What is Quantitative Easing and its advantages/disadvantages?
In efforts to improve economic growth, the Central Banks may use Quantitative Easing. Central Banks can buy different assets in order to improve the economic growth. A common investment is in Bonds. By such an investment, Central Banks are injecting money into the economy, which can help increase the growth of businesses.
As the Central Banks invest money in different assets, the flow/circulation of money increases, which increases the business growth. A simple rule is that, when demand for a product increases, the product price can possibly increase too. In case of Bonds, when demand increases, the value of Bond increases where the return/profit is decreased. As the demand increases, more and more investors buy Bonds. The party that issues the Bonds will benefit, as the return/profit will decrease and they are selling more Bonds.
QE isn’t always the best solution
The main banking authority, the central banks, is responsible for keeping a healthy inflation rate. If inflation rate is high, they increase the base interest-rate to encourage people to invest money. This also means that bank loans decrease. If inflation-rate is low, then the central-bank decrease the overnight interest-rate. This is to discourage people from putting money in savings for getting interest. Central-bank then want people to spend more money; they want the banks to approve more loans as well.
In theory, QE should work like charm, but in reality, it cannot always produce the deserved results. Studies have shown that QE isn’t always the best solution when it comes to raising inflation-rate. To improve economy as a whole, the government needs to do a lot more like, create new jobs, reduce its own spending etc.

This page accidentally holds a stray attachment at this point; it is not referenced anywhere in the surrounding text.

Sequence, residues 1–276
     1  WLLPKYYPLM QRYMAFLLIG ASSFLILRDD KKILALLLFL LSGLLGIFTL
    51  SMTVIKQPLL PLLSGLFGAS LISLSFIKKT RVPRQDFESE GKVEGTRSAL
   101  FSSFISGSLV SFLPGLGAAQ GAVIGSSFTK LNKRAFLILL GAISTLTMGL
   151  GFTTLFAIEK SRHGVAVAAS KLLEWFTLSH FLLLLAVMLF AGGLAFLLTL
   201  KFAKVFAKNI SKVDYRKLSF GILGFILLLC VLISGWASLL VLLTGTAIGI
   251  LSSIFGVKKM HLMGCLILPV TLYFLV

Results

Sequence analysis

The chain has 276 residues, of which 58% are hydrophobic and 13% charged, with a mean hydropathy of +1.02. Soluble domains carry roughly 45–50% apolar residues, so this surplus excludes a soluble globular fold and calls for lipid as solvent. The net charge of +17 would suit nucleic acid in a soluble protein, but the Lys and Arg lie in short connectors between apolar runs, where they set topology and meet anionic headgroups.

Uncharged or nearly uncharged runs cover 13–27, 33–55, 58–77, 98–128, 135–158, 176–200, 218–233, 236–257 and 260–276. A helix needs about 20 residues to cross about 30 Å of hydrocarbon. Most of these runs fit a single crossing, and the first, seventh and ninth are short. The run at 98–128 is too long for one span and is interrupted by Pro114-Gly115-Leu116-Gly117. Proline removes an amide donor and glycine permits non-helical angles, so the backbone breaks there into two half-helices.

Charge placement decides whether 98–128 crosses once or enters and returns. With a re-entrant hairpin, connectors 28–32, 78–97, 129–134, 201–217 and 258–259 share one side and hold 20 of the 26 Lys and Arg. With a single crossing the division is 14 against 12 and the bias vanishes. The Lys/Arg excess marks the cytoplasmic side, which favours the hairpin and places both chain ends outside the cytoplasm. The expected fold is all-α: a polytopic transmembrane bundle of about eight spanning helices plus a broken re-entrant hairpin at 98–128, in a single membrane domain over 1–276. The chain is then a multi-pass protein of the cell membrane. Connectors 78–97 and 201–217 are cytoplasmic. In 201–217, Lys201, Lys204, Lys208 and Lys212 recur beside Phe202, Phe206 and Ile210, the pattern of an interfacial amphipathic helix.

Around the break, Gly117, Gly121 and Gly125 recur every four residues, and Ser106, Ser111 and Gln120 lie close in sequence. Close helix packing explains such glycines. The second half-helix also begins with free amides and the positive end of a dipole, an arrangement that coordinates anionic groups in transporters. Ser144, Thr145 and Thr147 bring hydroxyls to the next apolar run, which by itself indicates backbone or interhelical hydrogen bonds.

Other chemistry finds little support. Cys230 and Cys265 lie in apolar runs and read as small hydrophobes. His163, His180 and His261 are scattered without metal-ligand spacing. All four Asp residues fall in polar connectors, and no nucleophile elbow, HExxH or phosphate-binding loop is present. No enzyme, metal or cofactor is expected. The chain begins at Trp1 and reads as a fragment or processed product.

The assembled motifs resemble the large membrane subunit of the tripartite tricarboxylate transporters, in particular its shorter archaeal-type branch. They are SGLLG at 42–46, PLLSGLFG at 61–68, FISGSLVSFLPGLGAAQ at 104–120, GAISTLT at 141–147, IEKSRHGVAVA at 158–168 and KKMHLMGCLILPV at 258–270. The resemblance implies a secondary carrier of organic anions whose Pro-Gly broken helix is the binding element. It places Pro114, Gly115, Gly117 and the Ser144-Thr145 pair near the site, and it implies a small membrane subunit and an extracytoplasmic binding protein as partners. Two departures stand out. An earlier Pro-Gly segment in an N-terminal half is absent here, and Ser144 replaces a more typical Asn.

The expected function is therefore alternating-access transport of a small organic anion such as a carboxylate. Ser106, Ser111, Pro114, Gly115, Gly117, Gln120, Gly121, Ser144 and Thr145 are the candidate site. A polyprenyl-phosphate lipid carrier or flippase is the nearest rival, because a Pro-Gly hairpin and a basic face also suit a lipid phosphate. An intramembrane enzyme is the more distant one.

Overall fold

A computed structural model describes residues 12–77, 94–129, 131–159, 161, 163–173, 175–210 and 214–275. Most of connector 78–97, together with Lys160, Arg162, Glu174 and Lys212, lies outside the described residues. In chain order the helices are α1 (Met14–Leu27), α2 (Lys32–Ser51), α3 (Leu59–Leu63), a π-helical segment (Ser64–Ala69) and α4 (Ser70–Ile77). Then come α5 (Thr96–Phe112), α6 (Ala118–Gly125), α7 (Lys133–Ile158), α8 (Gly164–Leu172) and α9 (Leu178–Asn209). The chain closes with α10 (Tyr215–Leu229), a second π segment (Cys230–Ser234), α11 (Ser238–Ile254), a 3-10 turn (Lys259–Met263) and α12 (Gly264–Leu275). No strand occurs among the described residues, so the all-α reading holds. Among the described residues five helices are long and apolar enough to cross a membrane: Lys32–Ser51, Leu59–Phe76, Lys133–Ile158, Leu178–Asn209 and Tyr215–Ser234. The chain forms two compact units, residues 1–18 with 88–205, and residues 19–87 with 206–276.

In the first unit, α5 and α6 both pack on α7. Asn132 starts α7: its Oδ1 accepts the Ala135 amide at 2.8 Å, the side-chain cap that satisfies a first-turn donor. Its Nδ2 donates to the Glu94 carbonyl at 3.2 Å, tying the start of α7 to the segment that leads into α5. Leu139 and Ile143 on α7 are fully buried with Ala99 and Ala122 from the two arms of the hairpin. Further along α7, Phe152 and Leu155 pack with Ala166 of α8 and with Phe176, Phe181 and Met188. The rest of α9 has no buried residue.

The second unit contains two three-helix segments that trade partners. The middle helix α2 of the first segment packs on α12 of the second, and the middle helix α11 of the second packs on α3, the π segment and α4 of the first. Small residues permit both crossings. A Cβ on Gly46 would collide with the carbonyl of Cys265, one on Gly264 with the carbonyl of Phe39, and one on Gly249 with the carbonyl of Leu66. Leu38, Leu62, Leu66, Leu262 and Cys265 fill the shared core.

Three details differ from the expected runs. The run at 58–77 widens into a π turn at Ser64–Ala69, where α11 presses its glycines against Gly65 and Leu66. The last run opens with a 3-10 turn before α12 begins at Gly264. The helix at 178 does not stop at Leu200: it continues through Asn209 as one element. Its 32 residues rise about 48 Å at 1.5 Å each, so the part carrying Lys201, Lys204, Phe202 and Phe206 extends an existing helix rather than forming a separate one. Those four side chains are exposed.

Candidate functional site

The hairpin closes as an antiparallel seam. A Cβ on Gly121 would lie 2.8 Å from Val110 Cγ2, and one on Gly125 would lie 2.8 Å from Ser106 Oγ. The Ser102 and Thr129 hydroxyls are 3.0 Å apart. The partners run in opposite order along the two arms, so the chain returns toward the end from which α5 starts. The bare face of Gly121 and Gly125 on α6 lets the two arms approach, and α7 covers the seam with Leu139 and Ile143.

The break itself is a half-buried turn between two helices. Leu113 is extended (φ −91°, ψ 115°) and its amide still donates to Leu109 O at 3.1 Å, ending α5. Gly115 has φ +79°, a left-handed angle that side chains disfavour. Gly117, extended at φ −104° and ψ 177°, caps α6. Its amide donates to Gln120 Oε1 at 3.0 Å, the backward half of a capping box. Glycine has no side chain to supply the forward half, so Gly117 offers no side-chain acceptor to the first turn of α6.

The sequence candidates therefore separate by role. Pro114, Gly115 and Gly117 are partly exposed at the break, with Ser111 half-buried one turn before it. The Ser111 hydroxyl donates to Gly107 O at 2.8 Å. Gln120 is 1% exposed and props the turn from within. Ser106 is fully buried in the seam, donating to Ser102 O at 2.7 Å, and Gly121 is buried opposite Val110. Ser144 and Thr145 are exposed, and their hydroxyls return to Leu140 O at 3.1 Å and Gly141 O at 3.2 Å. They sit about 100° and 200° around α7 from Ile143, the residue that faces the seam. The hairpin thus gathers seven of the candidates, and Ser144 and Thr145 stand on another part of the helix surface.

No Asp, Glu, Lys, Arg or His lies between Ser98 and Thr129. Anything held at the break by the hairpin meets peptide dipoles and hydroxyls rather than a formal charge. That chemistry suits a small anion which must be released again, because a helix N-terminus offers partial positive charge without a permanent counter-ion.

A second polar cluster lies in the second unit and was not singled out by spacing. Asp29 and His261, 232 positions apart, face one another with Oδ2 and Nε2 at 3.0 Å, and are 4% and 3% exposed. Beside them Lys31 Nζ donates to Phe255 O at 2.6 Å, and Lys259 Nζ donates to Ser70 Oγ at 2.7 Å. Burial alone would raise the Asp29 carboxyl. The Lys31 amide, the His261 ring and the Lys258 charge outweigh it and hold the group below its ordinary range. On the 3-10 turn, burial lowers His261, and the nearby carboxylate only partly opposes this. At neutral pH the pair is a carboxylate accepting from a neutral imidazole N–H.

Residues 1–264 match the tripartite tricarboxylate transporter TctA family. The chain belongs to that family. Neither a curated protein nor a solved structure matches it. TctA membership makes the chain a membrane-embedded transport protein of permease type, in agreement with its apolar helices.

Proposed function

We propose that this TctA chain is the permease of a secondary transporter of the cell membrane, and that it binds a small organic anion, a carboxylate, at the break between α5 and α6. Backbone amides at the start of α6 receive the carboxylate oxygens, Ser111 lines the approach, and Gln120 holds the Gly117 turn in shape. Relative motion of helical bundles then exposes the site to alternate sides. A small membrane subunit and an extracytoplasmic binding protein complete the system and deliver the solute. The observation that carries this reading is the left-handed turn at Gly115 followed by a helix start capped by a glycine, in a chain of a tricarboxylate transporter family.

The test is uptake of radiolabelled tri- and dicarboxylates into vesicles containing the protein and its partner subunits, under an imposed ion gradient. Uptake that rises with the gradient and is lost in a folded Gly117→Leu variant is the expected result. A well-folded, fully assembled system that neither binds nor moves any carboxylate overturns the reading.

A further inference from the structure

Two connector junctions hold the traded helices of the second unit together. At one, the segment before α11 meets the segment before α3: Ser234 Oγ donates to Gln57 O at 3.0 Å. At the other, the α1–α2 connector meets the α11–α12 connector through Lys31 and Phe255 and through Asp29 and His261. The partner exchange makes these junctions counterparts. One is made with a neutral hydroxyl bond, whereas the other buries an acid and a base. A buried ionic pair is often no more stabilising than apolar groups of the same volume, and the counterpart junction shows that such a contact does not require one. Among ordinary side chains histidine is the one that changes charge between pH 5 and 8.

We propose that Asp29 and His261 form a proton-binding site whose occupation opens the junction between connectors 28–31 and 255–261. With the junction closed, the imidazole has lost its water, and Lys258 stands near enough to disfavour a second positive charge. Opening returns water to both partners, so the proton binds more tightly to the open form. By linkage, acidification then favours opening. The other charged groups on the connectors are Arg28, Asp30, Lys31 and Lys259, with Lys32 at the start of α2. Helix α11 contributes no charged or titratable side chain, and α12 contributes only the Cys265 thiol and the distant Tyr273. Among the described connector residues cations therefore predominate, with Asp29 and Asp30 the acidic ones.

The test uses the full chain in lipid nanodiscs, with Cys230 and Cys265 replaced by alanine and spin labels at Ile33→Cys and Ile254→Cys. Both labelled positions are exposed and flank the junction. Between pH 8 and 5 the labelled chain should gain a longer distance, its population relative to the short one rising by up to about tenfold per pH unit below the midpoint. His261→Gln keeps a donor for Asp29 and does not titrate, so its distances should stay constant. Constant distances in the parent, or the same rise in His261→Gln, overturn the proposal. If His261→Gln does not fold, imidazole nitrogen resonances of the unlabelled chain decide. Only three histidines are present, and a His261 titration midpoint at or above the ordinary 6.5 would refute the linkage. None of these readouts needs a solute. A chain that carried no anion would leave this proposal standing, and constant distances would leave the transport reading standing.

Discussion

What are the Disadvantages of Quantitative Easing?
Investing money in assets means that the government will need more money and how can they get it? By printing more money
Experts believe that in normal circumstances, printing more money increases Inflation that can negatively affect the overall economy. Investors usually take the news of Quantitative Easing negatively especially in stock markets.
Check the following links for further study:
1. Quantitative easing – Wikipedia, the free encyclopedia
2. What is quantitative easing? – BBC News
3. What is Quantitative Easing? | Bank of England
4. How Quantitative Easing Works – Positive Money
5. Economics explainer: What is Quantitative Easing?
6. Effects of the Quantitative Easing Policy: A Survey of Empirical Analyses
7. Four Stories of Quantitative Easing
8. Quantitative Easing and Financial Stability
9. The Effects of Quantitative Easing on Interest Rates: Channels and Implications for Policy
10. Explained: Quantitative easing
11. Constraints and Implications for Quantitative Easing
12. Quantitative Easing by the European Central Bank
13. Quantitative Easing in the Great Recession
14. The End of Quantitative Easing